The Justice Department acknowledged two separate Sessions interactions with Kislyak, both after cybersecurity firms had concluded that Russian intelligence agencies were behind cyber-hacking of the Democratic National Committee.
The first occurred after a Heritage Foundation event during the Republican National Convention in July, when the department says a group of envoys — including the Russian ambassador — approached Sessions. The second was a September conversation, which the department likened to the more than 25 conversations Sessions had with foreign ambassadors last year as a senior member of the Senate Armed Services Committee.
While there is nothing necessarily nefarious or even unusual about a member of Congress meeting with a foreign ambassador, typically members of the Senate Foreign Relations Committee meet with foreign ambassadors, not Armed Services Committee lawmakers, whose responsibility is oversight of the military and the Pentagon. Congressional contact with Russian officials was limited after the invasion of Crimea and due to Moscow's close relationship with Syria, a pariah for much of the West.
But Sessions, an early supporter of Trump's candidacy and a policy adviser during the campaign, did not disclose those discussions at his Senate confirmation hearing in January when asked what he would do if "anyone affiliated" with the campaign had been in contact with officials of the Russian government.
Sessions replied that he had not had communications with the Russians, and answered "no" in a separate written questionnaire when asked about contacts regarding the election.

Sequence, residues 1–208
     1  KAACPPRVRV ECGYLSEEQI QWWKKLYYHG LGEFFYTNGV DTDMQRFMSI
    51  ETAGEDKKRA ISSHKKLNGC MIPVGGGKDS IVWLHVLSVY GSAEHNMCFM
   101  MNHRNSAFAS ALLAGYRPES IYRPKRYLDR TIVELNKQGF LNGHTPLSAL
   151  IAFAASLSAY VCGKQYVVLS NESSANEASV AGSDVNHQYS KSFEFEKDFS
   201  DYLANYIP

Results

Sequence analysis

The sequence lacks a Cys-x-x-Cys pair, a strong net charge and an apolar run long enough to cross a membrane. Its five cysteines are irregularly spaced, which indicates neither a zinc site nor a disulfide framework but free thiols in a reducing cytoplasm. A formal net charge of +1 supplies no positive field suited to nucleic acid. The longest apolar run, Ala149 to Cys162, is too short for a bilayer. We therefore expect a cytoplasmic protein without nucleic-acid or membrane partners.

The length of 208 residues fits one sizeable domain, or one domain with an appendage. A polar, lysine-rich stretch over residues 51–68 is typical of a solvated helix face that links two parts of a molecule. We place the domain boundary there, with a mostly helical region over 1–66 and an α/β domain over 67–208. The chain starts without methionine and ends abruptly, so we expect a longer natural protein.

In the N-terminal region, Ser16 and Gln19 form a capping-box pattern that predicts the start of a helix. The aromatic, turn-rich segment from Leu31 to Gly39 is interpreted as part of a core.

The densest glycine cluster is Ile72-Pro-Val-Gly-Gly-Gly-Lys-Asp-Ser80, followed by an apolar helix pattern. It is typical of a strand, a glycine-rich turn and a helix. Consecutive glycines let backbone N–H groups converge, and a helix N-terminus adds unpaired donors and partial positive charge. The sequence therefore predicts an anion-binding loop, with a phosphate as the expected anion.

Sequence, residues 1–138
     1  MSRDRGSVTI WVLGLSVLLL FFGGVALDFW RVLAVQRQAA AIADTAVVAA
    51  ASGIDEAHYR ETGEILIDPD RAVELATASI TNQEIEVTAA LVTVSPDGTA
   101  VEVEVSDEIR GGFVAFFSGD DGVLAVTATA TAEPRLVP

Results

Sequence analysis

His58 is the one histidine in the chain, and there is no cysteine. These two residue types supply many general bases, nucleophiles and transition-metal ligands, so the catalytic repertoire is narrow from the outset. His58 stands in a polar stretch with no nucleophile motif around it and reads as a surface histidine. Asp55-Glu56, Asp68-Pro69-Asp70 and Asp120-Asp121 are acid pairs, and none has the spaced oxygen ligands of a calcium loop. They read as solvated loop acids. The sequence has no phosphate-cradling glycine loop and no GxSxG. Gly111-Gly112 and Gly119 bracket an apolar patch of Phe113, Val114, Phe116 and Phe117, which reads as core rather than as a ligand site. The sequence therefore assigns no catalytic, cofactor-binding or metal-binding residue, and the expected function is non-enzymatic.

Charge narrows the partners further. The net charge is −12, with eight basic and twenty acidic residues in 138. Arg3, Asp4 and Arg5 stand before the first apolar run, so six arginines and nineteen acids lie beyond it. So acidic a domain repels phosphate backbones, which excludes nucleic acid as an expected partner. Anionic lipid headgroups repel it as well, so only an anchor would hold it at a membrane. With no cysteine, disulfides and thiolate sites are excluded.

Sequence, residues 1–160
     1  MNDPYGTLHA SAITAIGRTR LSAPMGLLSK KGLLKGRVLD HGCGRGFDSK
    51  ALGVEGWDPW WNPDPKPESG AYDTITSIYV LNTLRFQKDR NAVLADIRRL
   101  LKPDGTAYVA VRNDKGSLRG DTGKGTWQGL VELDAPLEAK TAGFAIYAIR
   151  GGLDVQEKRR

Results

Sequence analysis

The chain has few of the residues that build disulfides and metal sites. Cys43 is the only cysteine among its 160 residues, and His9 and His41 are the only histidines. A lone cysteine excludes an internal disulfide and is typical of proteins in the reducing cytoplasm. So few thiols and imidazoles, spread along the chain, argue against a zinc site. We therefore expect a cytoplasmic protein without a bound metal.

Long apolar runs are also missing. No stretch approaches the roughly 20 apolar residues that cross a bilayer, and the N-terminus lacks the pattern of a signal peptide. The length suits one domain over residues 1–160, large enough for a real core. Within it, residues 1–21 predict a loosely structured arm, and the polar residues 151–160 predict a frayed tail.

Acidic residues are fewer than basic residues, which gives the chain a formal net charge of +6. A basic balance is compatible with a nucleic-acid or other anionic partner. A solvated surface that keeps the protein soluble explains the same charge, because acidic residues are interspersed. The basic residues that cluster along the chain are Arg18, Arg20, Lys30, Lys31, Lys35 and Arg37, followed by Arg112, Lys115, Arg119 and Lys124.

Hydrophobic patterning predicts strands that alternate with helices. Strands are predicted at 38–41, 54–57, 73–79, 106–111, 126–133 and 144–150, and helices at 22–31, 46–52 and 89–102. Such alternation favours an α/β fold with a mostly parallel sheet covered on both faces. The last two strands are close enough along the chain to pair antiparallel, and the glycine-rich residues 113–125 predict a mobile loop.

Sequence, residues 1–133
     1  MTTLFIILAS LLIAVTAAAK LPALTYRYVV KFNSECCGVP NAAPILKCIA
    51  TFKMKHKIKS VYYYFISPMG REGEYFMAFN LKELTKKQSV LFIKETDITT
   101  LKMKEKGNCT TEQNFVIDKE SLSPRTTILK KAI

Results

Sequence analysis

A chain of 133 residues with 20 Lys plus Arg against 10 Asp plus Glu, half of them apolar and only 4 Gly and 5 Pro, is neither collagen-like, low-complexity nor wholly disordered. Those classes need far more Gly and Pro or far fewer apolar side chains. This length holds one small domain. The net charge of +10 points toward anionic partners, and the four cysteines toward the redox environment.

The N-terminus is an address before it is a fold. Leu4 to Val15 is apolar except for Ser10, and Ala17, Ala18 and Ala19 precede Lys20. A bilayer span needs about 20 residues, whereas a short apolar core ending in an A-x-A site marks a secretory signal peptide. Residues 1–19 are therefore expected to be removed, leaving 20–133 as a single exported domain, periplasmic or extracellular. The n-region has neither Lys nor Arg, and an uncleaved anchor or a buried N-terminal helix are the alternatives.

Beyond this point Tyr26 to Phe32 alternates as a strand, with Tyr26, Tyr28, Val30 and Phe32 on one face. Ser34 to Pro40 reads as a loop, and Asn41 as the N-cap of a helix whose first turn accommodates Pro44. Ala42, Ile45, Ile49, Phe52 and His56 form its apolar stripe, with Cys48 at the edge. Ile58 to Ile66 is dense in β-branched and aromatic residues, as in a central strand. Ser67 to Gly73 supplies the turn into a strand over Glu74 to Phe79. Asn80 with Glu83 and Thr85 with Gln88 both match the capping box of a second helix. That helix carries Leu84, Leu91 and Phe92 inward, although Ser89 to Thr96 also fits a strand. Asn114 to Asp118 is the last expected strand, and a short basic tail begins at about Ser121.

White House spokeswoman Sarah Huckabee Sanders called the disclosure of the talks with Kislyak "the latest attack against the Trump administration by partisan Democrats."
Dmitry Peskov, the spokesman for Russian President Vladimir Putin, said it was normal for Russian diplomats to meet with U.S. lawmakers. A spokeswoman for the Russian Foreign Ministry, Maria Zakharova, told AP that meetings with American political figures were part of the embassy's "everyday business."
Revelations of the contacts, first reported by The Washington Post, came amid a disclosure by three administration officials that White House lawyers have instructed aides to Trump to preserve materials that could be connected to Russian meddling in the American political process.
The officials who confirmed that staffers were instructed to comply with preservation-of-materials directions did so on condition of anonymity because they were not authorized to publicly disclose the memo from White House counsel Don McGahn.
At the confirmation hearing in January, Sen. Al Franken, D-Minn., asked Sessions about allegations of contact between Russia and Trump aides during the 2016 election.
Sessions said, "I have been called a surrogate at a time or two in that campaign and I didn't have, did not have communications with the Russians, and I'm unable to comment on it."
AP Writers Richard Lardner, Mary Clare Jalonick, Andrew Taylor and Stephen Ohlemacher contributed.